Utopia as a place, or a state of things, where perfection exists – no war, hunger, unhappiness – has been a dream of many for centuries for good and bad: Thomas More in his classic book (500 years old in 2016); the Romantics, who wanted to create a utopia in Pennsylvania; the twentieth-century political utopias that led to ruin and disaster….

But can a perfect world exist?

As part of the Bristol800 programme, we asked how do we create utopia in the twenty-first century? What can past examples of utopian thinking – in Bristol and elsewhere, in reality and on the screen – teach us about utopia now and for the future? Who decides what a good utopia might be? What can technology offer? Does the threat  of climate change make new utopias possible?

To launch the Bristol800 Weekender – and the Festival of Ideas May season – we held a special evening of readings of newly commissioned poetry on the utopian theme on Friday 20 May in At-Bristol. It was hosted by historian and presenter David Olusoga and included an introduction by the recently elected Mayor of Bristol, Marvin Rees. The commissioned poets were: Fleur Adcock, Dean Atta, Helen Dunmore, Anna Hoghton, Matthew Hollis, Sarah Howe, Nick Laird, Tim Liardet, Andrew McMillan, Hollie McNish, Daljit Nagra, Ruth Padel, Jo Shapcott, Michael Symmons Roberts, and Jane Yeh.

You can listen to our two-part audio recording of the event in the Utopia Weekend playlist on SoundCloud. The photos below were taken on the night by Jon Craig. Transcripts of the poems (which in some cases were revised after the event) can be read and downloaded as a PDF HERE.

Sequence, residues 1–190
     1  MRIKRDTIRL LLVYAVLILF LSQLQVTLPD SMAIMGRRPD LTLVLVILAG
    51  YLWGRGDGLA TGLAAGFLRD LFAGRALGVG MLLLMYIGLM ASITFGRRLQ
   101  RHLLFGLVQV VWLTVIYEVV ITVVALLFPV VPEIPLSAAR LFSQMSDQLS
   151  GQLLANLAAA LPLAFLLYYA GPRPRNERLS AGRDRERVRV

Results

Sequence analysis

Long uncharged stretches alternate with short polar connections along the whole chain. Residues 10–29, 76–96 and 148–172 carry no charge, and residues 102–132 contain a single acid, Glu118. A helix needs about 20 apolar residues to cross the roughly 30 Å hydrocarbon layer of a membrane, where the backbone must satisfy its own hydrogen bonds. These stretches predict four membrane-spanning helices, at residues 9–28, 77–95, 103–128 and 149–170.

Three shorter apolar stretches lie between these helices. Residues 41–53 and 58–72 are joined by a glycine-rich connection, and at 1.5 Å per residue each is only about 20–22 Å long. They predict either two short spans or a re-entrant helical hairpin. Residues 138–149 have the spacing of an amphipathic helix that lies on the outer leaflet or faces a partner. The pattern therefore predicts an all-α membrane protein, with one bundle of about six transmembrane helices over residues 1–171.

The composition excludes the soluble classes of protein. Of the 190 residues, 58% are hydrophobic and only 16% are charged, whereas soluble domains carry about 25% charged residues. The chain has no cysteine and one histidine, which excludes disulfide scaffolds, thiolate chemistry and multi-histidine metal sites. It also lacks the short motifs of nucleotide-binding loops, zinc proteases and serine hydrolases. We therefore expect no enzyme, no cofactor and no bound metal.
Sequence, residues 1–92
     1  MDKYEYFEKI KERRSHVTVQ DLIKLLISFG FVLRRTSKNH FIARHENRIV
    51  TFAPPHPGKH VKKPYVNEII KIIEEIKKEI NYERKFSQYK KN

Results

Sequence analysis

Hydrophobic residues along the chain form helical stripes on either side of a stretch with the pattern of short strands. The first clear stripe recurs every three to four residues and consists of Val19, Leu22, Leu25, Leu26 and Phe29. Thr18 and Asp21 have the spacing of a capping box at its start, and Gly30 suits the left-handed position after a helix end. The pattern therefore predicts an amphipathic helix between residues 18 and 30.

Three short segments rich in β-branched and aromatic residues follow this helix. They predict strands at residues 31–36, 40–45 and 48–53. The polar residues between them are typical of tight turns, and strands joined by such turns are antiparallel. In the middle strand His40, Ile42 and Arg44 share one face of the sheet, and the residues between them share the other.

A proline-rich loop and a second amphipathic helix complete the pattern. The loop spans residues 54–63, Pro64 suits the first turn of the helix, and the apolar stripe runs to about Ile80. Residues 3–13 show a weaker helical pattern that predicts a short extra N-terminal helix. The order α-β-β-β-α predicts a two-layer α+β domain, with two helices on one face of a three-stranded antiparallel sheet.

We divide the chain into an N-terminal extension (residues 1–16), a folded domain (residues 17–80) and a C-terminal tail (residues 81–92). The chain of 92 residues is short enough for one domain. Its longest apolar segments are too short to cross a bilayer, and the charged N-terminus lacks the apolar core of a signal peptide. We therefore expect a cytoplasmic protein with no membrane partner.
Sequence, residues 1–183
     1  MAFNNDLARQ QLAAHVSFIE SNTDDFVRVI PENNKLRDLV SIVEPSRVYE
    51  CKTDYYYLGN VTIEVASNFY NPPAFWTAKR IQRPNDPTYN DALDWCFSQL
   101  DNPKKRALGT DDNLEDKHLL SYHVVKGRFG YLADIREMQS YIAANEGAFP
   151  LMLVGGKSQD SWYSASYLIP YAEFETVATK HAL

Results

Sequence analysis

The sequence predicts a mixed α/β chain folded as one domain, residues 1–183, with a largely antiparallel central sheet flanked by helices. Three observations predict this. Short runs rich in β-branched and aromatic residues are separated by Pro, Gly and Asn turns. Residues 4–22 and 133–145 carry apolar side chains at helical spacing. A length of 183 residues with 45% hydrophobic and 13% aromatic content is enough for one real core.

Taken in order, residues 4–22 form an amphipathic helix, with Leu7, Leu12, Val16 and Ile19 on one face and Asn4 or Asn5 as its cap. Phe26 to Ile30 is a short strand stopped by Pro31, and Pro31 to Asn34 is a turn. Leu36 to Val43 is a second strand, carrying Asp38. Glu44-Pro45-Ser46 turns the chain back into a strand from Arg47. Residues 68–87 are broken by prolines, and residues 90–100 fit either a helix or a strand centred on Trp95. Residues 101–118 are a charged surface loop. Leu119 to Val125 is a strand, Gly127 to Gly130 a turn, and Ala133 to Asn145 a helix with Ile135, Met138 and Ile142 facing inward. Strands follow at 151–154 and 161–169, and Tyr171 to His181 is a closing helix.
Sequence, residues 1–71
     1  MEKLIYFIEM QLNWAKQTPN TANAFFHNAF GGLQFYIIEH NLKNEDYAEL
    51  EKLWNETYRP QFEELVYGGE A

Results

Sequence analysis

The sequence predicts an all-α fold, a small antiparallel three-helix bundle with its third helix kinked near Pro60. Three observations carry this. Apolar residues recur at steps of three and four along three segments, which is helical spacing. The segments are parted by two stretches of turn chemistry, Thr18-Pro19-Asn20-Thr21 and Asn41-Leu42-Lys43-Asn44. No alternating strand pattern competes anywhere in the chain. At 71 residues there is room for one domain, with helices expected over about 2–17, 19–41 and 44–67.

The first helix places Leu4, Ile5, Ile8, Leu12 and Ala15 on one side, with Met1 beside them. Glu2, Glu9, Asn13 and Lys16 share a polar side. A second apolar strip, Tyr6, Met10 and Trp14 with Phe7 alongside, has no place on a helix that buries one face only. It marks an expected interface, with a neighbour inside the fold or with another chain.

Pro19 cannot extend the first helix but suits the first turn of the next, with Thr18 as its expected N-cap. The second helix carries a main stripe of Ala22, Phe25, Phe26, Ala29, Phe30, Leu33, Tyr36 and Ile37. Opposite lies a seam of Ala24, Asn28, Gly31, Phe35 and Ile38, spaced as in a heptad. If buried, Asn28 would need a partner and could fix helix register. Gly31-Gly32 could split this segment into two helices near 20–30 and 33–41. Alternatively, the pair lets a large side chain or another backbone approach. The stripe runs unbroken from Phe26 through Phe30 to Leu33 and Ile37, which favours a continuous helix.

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Contemporary Poets and Utopia 20 May 2016

 

The following day there was  a session on Coleridge’s iconic Romantic poem ‘Kubla Khan’, first published 200 years ago.

Also taking place on the Saturday were sessions held in association with Creating Real Utopias in the 21st Century, a series developed by the University of Bristol’s Anticipation Research Group (supported by the AHRC Connected Communities Programme, the University of Bristol Brigstow Institute and the Cabot Institute). The topics were utopian cities; climate utopias and dystopias; making utopias; sex robots and utopian fantasies; and creating utopia through play. On Sunday there was a session on imagining the future which included a special screening of Alexander Korda’s Things to Come (1936).

Audio recordings of these events are included in the Utopia Weekend playlist on SoundCloud.

In addition, this year’s Coleridge Lectures series has explored the utopian theme. The series began in 2015, inspired by Coleridge’s radical lectures in the city in the late eighteenth century. For 2016, the speakers were Ruth Levitas on the different meanings of the term ‘utopia’; Margaret Heffernan on feminist utopias; Sarah Churchwell on utopia and the American Dream; and David Aaronovitch on utopia and twentieth-century communism. Audio recordings of the lectures – with the exception of the one given by Margaret Heffernan – are available in the Coleridge Lectures playlist on SoundCloud.

The specially commissioned image of Utopia used to promote this series of events is by Cai Burton.